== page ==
Boom Supersonic adds former Boeing CEO Phil Condit as advisor
Boeing Chairman and CEO Phil Condit speaks to the media after the company’s annual general meeting on April 28, 2003 in Chicago.
Scott Olson | Getty Images
Boom Supersonic, which plans to bring supersonic jets into commercial service by the end of the decade, has added former Boeing CEO Phil Condit as an advisor.
It’s the latest example of a former Boeing CEO staying active in aerospace scandals despite his tenure.
Dennis Muilenburg, who was ousted from office as CEO of Boeing in December 2019, now leads a special-purpose acquisition company that seeks to acquire a company in the aerospace, defense or air mobility industries.
The 79-year-old Condit with his training as an engineer will support Boom in the development of a prototype of a supersonic jet. His time as Boeing’s leader will be beneficial as Boom navigates a future where aerospace companies are a hot commodity.
“Since our inception, our consultants have played an active and decisive role in building the supersonic future,” said Boom founder and CEO Blake Scholl in a statement.
Founded in 2014, the start-up has endeavored to revive commercial supersonic flights. The market evaporated when the Concorde made its last flight in October 2003, less than two months before Condit resigned as Boeing CEO after a scandal over the procurement of defense contracts.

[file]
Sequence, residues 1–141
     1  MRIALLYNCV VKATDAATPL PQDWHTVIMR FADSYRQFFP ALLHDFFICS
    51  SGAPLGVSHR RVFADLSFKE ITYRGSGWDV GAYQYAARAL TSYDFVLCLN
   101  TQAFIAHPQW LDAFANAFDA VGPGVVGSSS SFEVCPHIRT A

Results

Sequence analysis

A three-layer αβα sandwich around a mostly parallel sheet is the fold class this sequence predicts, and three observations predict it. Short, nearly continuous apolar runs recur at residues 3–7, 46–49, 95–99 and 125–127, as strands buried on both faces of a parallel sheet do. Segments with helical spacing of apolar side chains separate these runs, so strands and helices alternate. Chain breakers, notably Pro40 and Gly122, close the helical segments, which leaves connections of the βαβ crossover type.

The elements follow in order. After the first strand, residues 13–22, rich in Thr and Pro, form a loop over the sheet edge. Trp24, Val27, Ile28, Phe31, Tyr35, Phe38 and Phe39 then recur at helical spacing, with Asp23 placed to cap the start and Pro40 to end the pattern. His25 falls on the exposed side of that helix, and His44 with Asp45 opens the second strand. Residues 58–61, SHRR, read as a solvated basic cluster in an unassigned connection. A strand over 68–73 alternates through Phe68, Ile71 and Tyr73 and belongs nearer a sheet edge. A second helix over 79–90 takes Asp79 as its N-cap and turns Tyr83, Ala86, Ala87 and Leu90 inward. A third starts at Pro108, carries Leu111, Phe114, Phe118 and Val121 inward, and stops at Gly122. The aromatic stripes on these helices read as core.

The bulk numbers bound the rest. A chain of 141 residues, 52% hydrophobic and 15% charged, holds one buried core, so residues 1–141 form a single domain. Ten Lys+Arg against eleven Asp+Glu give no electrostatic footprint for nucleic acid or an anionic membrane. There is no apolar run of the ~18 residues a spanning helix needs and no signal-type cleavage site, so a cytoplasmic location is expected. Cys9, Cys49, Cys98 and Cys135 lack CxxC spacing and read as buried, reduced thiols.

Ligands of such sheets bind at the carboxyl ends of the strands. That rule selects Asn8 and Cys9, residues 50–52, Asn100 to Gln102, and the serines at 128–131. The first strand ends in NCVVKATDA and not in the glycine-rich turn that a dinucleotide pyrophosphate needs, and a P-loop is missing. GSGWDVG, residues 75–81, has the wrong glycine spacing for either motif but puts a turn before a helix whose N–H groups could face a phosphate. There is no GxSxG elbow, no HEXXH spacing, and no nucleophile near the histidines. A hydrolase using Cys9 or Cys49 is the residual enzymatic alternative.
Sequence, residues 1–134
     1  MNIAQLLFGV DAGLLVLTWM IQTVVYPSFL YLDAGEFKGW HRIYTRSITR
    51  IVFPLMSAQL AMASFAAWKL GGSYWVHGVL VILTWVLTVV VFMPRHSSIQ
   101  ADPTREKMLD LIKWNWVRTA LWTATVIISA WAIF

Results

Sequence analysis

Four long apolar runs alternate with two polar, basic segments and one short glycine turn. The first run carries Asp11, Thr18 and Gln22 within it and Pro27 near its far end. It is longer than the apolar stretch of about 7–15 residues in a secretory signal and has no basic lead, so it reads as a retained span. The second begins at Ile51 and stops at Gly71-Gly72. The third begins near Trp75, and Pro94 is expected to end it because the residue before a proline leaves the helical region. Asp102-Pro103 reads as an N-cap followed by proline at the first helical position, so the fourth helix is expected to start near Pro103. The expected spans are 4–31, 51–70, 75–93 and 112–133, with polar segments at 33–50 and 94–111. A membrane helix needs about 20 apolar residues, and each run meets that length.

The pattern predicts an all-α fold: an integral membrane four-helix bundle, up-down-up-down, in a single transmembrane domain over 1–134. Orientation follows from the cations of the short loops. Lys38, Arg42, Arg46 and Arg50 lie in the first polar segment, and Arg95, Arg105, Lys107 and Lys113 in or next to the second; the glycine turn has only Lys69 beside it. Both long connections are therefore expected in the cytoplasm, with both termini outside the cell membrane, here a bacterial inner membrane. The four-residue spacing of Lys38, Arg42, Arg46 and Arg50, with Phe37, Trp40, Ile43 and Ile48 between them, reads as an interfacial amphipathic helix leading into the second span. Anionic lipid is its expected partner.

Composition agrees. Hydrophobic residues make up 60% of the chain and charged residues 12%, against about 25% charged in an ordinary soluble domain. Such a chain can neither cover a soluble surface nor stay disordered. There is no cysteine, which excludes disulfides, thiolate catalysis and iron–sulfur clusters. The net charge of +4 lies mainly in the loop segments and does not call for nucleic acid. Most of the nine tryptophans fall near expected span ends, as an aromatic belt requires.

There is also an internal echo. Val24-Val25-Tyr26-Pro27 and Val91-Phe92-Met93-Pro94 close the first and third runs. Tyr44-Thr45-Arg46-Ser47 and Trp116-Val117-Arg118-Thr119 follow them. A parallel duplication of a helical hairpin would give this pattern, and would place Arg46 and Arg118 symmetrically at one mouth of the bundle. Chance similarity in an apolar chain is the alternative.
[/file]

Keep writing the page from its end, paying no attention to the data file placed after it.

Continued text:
Since Condit left Boeing almost 18 years ago, he’s been relatively quiet.
In a statement on joining Boom, Condit said he was “drawn to the significant advances the team has already made in developing a sustainable supersonic aircraft”.
Building an airliner that can fly at supersonic or supersonic speeds was also a goal of Muilenburg when he was running Boeing.
In 2018, Boeing showed a representation of a hypersonic jet that could fly between the United States and Japan in three hours. Muilenburg was in his third year as CEO with an extensive backlog and profit close to a record high.
In his view, building a passenger jet that could fly as fast as Mach 5 was a reasonable long-term goal for the company.
“I think they will become a reality in the next decade or two,” Muilenburg told CNBC at the 2017 Paris Air Show. “We see future innovations where you can connect around the world in about two hours.”
Muilenburg was ousted as CEO of Boeing after the 737 Max scandal in December 2019. He now runs a SPAC, New Vista Acquisition Corp, which raised $ 240 million after listing on the Nasdaq.
SPACs make it easier for executives to get a company public than the traditional way. However, you typically have 18 months to buy a target company. If a deal is not completed during this period, tax regulations require them to return all funds to investors. A New Vista spokesman said Muilenburg had refused to comment on his latest effort.
In a New Vista statement posted on Nasdaq’s Twitter feed, Muilenburg said, “Companies with new technologies and new applications are expected to accelerate change in established industries at an unprecedented rate.”
– CNBC’s Meghan Reeder contributed to this article.